Stone Machine Electric’s Stone Machine Electric
Chroniclers take note: If you’ve been keeping track of doom metal’s resurgent popularity over the past five years or so, you might want to look a little more closely at North Texas. Fort Worth has always had a rep for spawning metal bands, but the number of heavy outfits reining in speed in the service of elemental, megalithic riffage gets bigger every day, creating a veritable army of Lovecraftian horrors out there, with bloodshot eyes and massive tentacles poking out of the sleeves of High On Fire t-shirts, probing for Budweisers and bongs. Give some credit to Wo Fat mastermind Kent Stump for driving the scene. In addition to producing and engineering recordings for his own band and Dallas’ Mothership, he helped helm the debut album of Mansfield doom duo Stone Machine Electric. The result is appropriately heavy, stoned, and blissfully brutal.
Stretching five songs into nearly 40 minutes, guitarist-singer Dub and drummer Kitchens churn out colossal, fuzzy riffs and crushing, plodding rhythms that slip in and out of time changes like a starship shifting gears. Stump’s production might sound a little glossy for some purists, but the roomy mix gives the leads and tones ample space to shine. “Mushroom Cloud” opens the disc in a relentlessly martial 5/4 beat beneath apocalyptic chords that, in turn, give way to a swirling lead rising out of a cloud of phased distortion, paving the way for “Hypocrite Christ,” a 10-minute trip into swampy gloom.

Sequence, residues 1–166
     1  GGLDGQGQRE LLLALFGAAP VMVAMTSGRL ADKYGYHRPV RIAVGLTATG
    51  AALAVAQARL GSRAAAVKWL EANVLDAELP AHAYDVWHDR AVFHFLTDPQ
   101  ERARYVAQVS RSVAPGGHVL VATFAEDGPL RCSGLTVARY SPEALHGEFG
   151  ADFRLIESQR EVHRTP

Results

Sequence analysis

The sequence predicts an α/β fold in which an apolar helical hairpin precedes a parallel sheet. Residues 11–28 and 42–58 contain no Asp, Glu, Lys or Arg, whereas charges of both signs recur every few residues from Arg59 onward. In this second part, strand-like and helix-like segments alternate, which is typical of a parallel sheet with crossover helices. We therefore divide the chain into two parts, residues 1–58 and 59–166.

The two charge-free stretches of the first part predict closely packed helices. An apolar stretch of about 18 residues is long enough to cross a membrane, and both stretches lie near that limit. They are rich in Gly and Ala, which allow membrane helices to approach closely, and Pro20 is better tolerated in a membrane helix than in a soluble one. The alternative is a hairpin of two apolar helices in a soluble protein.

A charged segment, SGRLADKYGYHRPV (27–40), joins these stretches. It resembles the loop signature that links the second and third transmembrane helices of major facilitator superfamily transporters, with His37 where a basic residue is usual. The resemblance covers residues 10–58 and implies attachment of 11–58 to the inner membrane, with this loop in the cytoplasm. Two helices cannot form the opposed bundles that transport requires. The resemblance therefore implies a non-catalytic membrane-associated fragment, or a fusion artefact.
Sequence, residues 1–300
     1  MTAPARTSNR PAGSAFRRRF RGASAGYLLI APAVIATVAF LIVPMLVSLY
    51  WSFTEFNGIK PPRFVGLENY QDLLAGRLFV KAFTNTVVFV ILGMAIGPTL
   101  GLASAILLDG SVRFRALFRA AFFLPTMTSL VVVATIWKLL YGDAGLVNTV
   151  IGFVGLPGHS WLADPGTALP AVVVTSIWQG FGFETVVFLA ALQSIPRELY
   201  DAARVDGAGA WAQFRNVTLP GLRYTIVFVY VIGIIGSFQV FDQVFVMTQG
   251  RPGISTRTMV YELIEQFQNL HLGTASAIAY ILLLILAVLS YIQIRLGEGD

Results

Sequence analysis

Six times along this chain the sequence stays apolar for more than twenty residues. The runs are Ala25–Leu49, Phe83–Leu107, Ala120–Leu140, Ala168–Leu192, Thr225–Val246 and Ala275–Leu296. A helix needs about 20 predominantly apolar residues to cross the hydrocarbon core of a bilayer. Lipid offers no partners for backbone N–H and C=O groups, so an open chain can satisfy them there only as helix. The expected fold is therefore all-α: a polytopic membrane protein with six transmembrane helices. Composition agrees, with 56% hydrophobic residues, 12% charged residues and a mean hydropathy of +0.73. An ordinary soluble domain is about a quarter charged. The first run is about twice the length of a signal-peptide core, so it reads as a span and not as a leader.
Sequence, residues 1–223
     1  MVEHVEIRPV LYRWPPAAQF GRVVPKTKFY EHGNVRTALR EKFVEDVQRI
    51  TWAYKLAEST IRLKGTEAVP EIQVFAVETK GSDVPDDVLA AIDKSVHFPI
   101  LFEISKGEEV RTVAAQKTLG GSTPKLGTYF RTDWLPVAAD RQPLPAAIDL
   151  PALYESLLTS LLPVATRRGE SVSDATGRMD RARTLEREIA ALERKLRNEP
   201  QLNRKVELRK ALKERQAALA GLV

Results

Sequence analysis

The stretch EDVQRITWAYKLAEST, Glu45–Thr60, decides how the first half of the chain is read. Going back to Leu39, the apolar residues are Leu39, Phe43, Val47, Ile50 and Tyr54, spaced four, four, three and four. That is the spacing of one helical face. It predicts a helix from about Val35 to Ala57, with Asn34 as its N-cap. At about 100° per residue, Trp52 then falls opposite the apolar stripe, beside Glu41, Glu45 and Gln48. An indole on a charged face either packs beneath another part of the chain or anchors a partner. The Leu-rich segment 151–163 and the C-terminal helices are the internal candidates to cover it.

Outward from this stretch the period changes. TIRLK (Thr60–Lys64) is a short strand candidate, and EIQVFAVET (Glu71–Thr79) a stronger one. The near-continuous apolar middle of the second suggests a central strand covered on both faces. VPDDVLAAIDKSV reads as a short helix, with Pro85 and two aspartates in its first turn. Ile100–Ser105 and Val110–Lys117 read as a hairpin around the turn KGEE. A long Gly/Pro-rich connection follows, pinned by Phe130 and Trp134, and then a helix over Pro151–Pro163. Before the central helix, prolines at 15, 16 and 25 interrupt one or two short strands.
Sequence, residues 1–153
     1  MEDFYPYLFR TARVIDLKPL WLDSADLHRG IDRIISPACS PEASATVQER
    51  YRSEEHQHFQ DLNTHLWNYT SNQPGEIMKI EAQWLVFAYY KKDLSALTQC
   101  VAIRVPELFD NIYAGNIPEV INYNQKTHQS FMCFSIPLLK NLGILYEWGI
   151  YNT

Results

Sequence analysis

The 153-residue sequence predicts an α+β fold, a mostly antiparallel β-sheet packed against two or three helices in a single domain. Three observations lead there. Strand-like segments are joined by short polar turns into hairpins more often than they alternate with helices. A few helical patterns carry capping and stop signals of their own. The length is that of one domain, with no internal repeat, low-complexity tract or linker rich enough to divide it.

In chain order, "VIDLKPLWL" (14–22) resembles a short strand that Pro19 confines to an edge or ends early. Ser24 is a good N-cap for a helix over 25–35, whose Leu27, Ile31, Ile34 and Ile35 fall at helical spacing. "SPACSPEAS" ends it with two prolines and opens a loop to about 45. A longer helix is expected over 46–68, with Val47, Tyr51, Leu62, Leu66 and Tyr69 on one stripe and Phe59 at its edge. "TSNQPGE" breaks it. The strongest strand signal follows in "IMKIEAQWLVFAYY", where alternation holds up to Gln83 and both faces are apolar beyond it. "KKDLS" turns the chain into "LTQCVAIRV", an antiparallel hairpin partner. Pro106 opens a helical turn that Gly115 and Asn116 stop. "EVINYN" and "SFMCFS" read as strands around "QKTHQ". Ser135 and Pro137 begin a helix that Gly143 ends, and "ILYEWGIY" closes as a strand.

And it only gets heavier. Middle track “Carve” cuts a graven image of genre-defining band Sleep. By the time the gallop of album-closer “Nameless” decays into the void, you’ll wonder if the world has ended. If it hasn’t, you’ll definitely want to give Stone Machine Electric another spin.
Hand Drawn Records’ A Compilation. Volume Two
Dallas/Oklahoma City-based indie label Hand Drawn Records has said its second compilation is the result of a worldwide open call for submissions. (The first compilation focused largely on HDR roster artists like Exit 380 and Secret Ghost Champion.) Yet make no mistake –– all but two of the 14 tracks on this second volume are from Texas, and most of that dozen are from established artists. Intriguingly, though, provincialism doesn’t seem to have narrowed the range of sonic stylings on display –– genres are gleefully combined and smashed in this sophisticated little grab-bag from late 2012.
“Oh, warden, won’t you let me in / I been foolish with my freedom again” rasps lead vocalist Blake Parish on The Hanna Barbarians’ “Oh Warden,” a drunkenly swaying Johnny Cash-style jailhouse lament with torrid harmonica and skipping percussion. Lubbock singer-songwriter Kelsey Schneider channels the wry, brainy pop meditations of Suzanne Vega and Tracy Thorn in the lean, melodic “You Got Away.” Fort Worth’s Swindle Boys celebrate their home state of Arkansas with “The Most Natural of States,” toning down their signature arena-rocking bombast for a haunting bit of regional pride marked by moody, echoing guitar and touching harmonies. The raucous, hallucinatory “Roller Coaster Mobile Saloon” allows Jefferson Colby to flaunt its disciplined yet ferocious percussion and raging electronic fretwork. The album opens with Denton singer-songwriter and ex-Polyphonic Spree member Andrew Tinker’s “I Don’t Mind,” a peppy but lovely little pop ditty full of billowing keyboards and jaunty acoustic guitar strumming.
The comp ends with San Marcos pop act Grey Sky Symphony, a.k.a. Dillon Hutrya, serving a jaunty slice of ’60s-style Donovan ear candy with “You’re My Favorite Color,” featuring shiny happy instrumentation and a killer stick-in-your-brain melody. –– Jimmy Fowler